113th
 
Bradley Byrne
Republican December 17, 2013 –
present
113th
114th
115th
116th
Elected to finish Bonner's term.
Re-elected in 2014.
Re-elected in 2016.
Re-elected in 2018.

Recent CandidatesEdit

Republican candidatesEdit

Democratic candidatesEdit

Libertarian candidatesEdit

  • Dick Coffee - third place candidate in 2002

Recent election results in congressional racesEdit

2002Edit

Alabama's 1st congressional district election, 2002
Party Candidate Votes % ±
Republican Jo Bonner 108,102 61.0%
Democratic Judy Belk 67,507 38.0%
Libertarian Richard "Dick" Coffee 2,957 1.0%
Republican hold

2004Edit

Alabama's 1st congressional district election, 2004
Party Candidate Votes % ±
Republican Jo Bonner (Incumbent) 161,067 63.0%   2.62%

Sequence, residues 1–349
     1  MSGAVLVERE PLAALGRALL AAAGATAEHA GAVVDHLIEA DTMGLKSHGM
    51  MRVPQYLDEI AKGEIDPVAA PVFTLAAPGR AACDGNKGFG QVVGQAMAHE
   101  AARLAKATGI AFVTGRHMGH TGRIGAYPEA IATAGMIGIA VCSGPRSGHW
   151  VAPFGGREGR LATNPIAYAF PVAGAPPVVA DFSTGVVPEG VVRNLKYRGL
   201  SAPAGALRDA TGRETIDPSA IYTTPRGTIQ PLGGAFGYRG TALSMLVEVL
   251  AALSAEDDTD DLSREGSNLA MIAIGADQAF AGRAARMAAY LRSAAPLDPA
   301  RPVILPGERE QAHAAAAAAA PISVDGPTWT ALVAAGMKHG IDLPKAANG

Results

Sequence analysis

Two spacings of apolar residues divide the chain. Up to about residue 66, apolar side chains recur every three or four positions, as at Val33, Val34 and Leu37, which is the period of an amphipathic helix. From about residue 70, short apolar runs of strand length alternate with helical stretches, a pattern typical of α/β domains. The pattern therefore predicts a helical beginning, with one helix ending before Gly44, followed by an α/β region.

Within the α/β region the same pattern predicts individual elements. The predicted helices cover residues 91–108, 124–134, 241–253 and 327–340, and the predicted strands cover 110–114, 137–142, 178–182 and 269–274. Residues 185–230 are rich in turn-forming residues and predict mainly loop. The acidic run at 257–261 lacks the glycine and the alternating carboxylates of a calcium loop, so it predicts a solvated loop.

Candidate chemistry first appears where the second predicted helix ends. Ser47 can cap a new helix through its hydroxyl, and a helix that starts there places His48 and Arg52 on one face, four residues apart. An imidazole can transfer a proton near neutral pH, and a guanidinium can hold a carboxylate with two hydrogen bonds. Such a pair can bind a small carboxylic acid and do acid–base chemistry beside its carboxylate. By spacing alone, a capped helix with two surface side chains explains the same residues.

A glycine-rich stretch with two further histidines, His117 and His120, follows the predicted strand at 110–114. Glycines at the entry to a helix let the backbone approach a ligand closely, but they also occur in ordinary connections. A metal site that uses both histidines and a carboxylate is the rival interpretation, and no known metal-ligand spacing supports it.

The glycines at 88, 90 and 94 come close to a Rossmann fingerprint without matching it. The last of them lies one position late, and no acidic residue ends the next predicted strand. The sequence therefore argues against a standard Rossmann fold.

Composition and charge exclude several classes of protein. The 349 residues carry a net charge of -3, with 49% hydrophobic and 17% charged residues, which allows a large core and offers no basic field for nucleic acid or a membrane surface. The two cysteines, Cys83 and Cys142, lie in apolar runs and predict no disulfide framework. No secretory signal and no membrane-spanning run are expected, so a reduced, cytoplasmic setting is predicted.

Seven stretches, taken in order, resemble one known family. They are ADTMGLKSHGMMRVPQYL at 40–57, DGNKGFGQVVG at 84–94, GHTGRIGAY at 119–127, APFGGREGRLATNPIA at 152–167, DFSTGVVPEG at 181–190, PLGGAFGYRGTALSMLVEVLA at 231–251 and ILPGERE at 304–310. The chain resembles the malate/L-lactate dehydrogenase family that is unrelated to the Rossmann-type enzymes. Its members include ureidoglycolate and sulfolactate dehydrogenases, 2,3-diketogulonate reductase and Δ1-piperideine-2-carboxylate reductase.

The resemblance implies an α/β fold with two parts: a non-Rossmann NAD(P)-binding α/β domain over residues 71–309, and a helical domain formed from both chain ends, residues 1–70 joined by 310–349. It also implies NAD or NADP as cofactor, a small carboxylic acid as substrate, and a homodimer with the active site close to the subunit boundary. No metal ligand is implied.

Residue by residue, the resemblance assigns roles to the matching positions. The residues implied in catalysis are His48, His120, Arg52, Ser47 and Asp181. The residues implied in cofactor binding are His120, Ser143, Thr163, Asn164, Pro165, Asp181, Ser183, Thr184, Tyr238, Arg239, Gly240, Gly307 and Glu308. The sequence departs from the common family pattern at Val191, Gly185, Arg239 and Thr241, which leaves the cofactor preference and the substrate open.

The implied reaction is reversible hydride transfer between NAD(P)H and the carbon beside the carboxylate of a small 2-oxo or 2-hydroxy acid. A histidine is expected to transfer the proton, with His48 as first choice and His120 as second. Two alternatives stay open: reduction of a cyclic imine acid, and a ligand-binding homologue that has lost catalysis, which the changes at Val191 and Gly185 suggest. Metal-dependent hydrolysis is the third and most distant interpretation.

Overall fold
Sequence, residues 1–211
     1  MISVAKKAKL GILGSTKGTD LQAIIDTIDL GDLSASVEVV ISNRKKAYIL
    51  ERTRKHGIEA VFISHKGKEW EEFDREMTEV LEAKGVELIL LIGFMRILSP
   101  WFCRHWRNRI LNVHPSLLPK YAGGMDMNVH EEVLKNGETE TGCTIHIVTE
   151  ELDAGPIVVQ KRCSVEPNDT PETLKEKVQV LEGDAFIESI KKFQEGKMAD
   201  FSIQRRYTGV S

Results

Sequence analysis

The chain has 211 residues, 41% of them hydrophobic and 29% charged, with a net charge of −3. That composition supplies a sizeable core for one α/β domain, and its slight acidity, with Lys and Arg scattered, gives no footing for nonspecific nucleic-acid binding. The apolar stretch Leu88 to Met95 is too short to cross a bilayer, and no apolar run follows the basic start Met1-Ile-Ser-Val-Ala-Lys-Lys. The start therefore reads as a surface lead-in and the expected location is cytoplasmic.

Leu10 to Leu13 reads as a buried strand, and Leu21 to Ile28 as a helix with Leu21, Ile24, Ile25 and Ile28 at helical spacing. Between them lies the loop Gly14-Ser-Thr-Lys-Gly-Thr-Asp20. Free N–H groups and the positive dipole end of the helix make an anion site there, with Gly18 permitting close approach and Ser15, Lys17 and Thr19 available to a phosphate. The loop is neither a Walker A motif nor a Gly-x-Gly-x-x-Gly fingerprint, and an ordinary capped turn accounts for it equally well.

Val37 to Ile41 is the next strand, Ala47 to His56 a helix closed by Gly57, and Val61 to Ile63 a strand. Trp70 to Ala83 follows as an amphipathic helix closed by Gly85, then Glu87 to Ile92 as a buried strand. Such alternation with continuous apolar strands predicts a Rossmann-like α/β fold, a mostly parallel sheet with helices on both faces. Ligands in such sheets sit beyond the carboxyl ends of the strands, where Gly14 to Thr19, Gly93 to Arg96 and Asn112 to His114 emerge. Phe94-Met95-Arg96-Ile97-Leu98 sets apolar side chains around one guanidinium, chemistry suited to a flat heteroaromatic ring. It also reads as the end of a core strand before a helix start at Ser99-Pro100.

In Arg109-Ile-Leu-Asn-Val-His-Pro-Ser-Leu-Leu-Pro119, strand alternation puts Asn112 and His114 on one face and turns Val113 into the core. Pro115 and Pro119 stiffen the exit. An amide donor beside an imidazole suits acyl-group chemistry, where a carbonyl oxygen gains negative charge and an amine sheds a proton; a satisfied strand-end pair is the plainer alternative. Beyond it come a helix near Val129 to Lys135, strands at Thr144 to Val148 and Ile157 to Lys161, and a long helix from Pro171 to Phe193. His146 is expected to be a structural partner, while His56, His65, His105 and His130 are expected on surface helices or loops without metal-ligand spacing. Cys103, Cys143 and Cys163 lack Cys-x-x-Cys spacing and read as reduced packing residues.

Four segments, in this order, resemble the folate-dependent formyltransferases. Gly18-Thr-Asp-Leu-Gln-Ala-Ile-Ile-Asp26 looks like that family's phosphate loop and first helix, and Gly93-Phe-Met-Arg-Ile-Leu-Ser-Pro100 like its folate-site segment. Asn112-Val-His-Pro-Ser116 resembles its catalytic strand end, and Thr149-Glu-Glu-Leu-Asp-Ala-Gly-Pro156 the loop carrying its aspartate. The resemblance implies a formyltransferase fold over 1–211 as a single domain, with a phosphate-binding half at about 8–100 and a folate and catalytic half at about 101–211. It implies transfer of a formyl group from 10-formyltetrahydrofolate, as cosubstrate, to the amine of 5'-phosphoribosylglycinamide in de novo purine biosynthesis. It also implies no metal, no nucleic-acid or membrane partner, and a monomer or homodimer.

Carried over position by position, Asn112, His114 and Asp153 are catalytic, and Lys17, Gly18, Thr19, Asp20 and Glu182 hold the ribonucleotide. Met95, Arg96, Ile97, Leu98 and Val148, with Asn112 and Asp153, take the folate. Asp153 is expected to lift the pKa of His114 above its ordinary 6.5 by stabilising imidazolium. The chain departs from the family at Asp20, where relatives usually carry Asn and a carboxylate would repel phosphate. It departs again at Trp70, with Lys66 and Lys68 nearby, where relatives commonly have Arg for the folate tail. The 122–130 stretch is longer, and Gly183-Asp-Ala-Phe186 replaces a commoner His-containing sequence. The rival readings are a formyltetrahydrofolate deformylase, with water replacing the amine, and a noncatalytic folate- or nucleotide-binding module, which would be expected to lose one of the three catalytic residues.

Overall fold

Democratic Judy Belk 93,938 37.0%   0.97%
Republican hold

2006Edit

Alabama's 1st congressional district election, 2006
Party Candidate Votes % ±
Republican Jo Bonner (Incumbent) 112,944 68.0%   5.00%
Democratic Vivian Beckerle 52,770 32.0%   5.00%
Republican hold

2008Edit

Alabama's 1st congressional district election, 2008
Party Candidate Votes % ±
Republican Jo Bonner (Incumbent) 210,660 98.0%   30.14%
Republican hold

2010Edit

Alabama's 1st congressional district election, 2010
Party Candidate Votes % ±
Republican Jo Bonner (Incumbent) 129,063 83.0%   15.72%
Constitution David M. Walter 26,357 17.0%   16.87%
Republican hold

2012Edit

Alabama's 1st congressional district election, 2012
Party Candidate Votes % ±
Republican Jo Bonner (Incumbent) 196,073 100.0%
Republican hold

2013 (Special)Edit

A special election was held following the resignation of Jo Bonner (R) on August 2, 2013 to become vice chancellor for the University of Alabama.[6] Primary elections were held on September 24. A runoff in the Republican primary took place on November 5 and the general election was pushed back to December 17.[7] Republican Bradley Byrne won the election by a wide margin in the strongly conservative district.[8]